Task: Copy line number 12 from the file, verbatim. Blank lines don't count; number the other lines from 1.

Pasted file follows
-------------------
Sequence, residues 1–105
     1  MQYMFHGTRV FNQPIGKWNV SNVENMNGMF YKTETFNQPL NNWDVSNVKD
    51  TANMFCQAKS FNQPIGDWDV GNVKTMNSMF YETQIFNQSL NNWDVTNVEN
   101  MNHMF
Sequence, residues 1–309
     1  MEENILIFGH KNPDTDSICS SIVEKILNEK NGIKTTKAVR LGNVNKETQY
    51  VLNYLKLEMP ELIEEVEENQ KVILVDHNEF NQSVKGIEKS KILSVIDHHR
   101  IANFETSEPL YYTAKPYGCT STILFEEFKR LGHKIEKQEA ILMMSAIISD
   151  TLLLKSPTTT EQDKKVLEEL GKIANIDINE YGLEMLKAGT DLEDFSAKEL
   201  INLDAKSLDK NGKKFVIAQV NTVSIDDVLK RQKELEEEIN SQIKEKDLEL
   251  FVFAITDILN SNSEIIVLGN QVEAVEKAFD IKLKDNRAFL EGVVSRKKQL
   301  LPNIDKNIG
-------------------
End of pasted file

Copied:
   301  LPNIDKNIG